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The 2017 Nasher Prize Winner Is French Artist Pierre Huyghe: UPDATED

by Jerome Weeks 26 Sep 2016 9:01 PM


This year’s winner of the $100,000 Nasher Sculpture Prize is a boundary-breaking artist. Pierre Huyghe’s artworks can be mysterious, goofy and beautiful. He’s planted trees inside the Sydney Opera House and sank a sculpture in the Mediterranean so only divers can see it. KERA’s Jerome Weeks reports last night’s announcement of the French artist as the Nasher winner helps define the prize – by not limiting sculpture.


The Rachofsky Warehouse is a private exhibition space a few blocks from the Galleria. It’s where some of the vast art collection of Cindy and Howard Rachofsky is kept. It’s also where last night’s announcement of the Nasher Prize was held. Unbeknownst to the well-heeled people waiting to hear who the winner was, they’d walked past one of Pierre Huyghe’s artworks near the warehouse entrance.

It’s a big chunk of darkened concrete. Huyghe cast it from a broken, old stone monument outside Paris – it’s just a headless, naked figure sprawled on the ground.

“But then,” says Jeremy Strick, director of the Nasher Sculpture Center, “he inserted electrical coils, which heat up, so if you put your hand on the figure it may be warm, like a person. It’s really uncanny.  And there’s water, and moss grows from it. So it’s very much this living system.”


‘La deraison’ by Pierre Huyghe. Photo: Jerome Weeks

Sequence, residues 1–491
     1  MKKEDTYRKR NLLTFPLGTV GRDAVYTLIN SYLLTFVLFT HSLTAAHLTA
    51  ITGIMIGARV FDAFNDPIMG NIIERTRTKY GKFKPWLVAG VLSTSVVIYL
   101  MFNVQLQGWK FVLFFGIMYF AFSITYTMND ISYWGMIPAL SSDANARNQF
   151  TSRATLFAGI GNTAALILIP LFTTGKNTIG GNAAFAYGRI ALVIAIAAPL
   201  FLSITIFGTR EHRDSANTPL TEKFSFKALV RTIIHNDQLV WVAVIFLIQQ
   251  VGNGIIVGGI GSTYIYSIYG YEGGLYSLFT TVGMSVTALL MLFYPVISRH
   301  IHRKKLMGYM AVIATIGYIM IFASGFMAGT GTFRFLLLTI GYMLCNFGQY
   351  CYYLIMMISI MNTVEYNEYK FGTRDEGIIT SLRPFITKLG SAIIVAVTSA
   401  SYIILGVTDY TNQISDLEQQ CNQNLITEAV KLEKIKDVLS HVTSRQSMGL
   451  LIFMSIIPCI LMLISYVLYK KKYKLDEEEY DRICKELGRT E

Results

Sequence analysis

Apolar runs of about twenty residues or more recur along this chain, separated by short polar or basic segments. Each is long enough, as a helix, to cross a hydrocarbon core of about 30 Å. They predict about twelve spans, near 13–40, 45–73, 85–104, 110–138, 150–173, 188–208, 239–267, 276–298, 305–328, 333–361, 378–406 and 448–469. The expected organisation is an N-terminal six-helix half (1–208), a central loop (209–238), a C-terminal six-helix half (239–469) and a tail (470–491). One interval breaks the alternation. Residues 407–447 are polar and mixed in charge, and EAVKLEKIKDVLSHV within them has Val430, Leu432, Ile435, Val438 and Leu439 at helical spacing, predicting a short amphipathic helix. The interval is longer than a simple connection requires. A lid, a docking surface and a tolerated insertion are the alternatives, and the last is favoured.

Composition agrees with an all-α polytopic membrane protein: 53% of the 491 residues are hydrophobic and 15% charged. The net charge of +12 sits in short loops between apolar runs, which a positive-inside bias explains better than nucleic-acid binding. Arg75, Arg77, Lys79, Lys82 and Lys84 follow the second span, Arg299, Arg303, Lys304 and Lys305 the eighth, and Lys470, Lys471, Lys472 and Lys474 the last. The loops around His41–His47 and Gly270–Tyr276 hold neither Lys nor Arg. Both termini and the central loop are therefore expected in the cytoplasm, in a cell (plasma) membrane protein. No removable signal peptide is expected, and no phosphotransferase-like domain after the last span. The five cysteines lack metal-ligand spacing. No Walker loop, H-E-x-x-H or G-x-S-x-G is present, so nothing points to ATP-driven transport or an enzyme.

Strick says this is typical of Huyghe’s complex artistry. In a single work, he evokes the grand history of statues, but also, ultimately, their fallen state. He includes electricity yet allows nature to take its course, letting moss grow in the cracks and crevices.

Yet this work – titled “La deraison” – or ‘Unreason’ – is almost conventional by the French artist’s normally unorthodox standards.

“Huyge, who certainly makes objects that anyone would call sculpture,” says Strick, “also makes films, videos, computer animations, a range of things that often can address very serious themes but also can have a humorous quality that’s really delightful.”

The 54-year-old artist has created a small-town parade in a community along the Hudson River. He’s built aquariums, ice storms and a puppet theater. He postulated an expedition to the Antarctic — ending with a skating rink of black ice. Huyghe lives and works in Chile. And although he has artworks in the permanent collections of the Guggenheim and the Modern Art Museum in New York, he’s probably better known in Europe than in America.


‘Black Ice’ by Pierre Huyghe.

Catherine Craft, associate curator at the Nasher, cites one of Huyghe’s most famous works called ‘Untilled.’ It was set up in a park in Germany. At its center is another classic reclining nude statue – only this one has a living beehive for a head.

“It’s this incredibly arresting image,” Craft says, “so you can talk about it in terms of having ecological effects but at a certain level, it’s just dreamlike.”

Simply put, Huyghe is a wildly inventive conceptual artist more than your typical stone carver. Huyghe actually makes the first Nasher winner – Colombian artist Doris Salcedo – seem almost conservative. Yet her artworks included clothing, rose petals and giant cracks in floors. Last year’s choice of Salcedo indicated the Nasher was going to be an international prize, picked by a nine-member jury of some of the most influential curators and museum directors around. And the prize would not necessarily be tied to traditional forms, objects or materials.


‘Untilled’ by Pierre Huyghe

“Huyghe sets an example of the jury’s thinking,” Strick says. “They want to use the prize as a way of testing or expanding our notions of sculpture. I think in the first year, the jury really set a position for the prize. The second year, they begin to determine its direction.”